# Linear Probability Model

#### noetsi

##### Fortran must die
This is when you use linear assumptions for a DV that has two levels only. SAS's senior statistician told me firmly this only works when you assume a binomial distribution. However, the organization I report to chose to assume normality. As I understand it, this is not then a Linear Probability Model and I do not know how to interpret the slopes.

This is what SAS's senior statistician said.

Russell,
As noted in replies to your post in the Statistical Procedures Community, the model with DIST=BIN and LINK=IDENTITY is considered a linear probability model. The model without DIST=BIN assumes a normal response and the normal log likelihood is then maximized. The mean of the binomial is a probability, while the mean of a normal is not, so I don't see how the model without DIST=BIN could be called a linear probability model.
PROC GENMOD models the probability of the lowest response level by default. You should explicitly specify the level you want to model by specifying that level in the EVENT= option following the response variable. If you have a binary predictor variable with values 0 or 1, it is best to not specify it in the CLASS statement since, by default, that will cause the estimated parameter for that variable to correspond to the lowest level, 0, rather than 1. If you do specify it in the CLASS statement, use the REF= option following the variable to specify that level 0 is the reference level. For example,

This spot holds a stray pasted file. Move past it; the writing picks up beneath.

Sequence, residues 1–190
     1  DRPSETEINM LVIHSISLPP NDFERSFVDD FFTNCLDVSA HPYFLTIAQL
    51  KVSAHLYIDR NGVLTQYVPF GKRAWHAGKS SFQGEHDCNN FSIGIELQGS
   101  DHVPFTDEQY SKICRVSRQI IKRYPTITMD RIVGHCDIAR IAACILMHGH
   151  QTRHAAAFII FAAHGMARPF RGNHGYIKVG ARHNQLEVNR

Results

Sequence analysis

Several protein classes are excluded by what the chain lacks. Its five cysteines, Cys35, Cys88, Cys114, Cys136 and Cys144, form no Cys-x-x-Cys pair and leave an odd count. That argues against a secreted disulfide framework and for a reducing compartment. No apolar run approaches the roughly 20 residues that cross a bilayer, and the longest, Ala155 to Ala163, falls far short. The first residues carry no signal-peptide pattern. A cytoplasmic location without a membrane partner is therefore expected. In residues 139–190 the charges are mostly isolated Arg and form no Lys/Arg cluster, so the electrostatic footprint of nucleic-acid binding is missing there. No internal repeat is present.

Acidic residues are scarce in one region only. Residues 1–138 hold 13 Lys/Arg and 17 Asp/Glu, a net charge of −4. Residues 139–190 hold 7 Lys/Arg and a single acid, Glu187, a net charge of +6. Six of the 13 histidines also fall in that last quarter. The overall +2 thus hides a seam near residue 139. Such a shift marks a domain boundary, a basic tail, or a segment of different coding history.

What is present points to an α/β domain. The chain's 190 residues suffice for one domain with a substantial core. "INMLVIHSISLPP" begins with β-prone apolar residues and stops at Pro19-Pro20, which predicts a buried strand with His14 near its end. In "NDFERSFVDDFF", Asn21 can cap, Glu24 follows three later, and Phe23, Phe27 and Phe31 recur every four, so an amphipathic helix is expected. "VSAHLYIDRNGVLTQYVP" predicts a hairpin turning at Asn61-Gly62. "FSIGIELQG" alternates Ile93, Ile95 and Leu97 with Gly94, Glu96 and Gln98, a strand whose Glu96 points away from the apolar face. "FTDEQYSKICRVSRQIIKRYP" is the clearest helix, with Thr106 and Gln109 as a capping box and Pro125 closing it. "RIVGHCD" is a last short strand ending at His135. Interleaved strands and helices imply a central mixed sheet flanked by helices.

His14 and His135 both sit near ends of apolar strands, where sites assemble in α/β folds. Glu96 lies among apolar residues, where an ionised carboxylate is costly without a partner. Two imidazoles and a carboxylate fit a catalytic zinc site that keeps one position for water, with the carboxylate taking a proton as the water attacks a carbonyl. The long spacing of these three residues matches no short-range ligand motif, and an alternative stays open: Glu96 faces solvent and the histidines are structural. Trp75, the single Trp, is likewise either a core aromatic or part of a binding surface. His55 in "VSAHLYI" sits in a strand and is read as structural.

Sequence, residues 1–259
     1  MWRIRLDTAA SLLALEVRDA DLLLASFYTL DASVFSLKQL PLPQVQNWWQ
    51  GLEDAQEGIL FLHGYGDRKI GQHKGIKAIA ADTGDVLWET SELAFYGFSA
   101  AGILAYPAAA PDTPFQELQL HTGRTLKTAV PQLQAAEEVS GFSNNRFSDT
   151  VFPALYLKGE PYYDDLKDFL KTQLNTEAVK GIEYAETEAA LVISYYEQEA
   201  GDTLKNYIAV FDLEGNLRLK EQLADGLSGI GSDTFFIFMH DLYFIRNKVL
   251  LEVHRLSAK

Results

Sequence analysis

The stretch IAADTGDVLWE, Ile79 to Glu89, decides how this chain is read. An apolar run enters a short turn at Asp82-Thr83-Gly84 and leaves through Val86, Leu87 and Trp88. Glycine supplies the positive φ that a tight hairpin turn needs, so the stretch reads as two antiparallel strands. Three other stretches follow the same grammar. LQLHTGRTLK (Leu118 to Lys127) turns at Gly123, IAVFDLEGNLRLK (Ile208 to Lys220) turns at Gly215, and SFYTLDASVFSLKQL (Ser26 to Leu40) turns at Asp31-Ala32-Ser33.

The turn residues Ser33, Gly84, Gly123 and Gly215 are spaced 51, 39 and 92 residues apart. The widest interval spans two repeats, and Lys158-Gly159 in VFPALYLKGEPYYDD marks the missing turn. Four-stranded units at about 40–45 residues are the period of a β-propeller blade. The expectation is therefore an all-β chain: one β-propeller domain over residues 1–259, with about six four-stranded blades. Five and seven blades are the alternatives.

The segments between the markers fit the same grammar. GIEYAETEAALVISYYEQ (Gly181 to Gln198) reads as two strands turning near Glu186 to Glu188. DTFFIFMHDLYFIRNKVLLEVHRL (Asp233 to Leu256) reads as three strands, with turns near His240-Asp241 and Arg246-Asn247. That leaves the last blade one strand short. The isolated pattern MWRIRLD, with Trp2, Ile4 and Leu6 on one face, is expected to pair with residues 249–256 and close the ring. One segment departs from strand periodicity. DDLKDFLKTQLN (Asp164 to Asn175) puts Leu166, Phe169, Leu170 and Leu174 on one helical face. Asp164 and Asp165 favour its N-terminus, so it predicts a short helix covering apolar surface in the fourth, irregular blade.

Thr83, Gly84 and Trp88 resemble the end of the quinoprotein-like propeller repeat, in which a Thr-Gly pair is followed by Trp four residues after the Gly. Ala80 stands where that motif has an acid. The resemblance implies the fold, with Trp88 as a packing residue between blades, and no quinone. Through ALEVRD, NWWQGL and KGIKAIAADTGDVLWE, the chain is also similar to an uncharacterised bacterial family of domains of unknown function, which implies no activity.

proc genmod;
class x(ref="0");
model response(event="1")=x / dist=binomial;
run;
---
David Schlotzhauer
Senior Statistician
SAS Institute Inc.
phone: 919.677.8008
toll free: 800.727.0025
web: http://support.sas.com/ts

#### hlsmith

##### Less is more. Stay pure. Stay poor.
But is this person an economist, which treat OLS with binary DV as a LPM? The simple ML model would kick out the same result as simple OLS, right. And if OLS process is deemed an LPM by econ folks aren't there generally the same thing. So what do the coeffs mean, well if the the DV in OLS is binary, it is reporting the change in DV from a change in IV. So if the y-hat is mean of 0s and 1s that would be the prevalence of 1s in the set.

I get what this person is saying, since in my field uses that GLM process to get risk differences. Which is the difference between two rates crudely speaking.

#### noetsi

##### Fortran must die
I don't know if the person above is an economist or not only that they work for SAS.

If I understand you correctly the slope in a simple linear model with a binary DV would be the percent increased chance of a 1. What is confusing is SAS told me that the log would say whether you were maximizing 1 or 0 and I can not find it in either. I have to try again.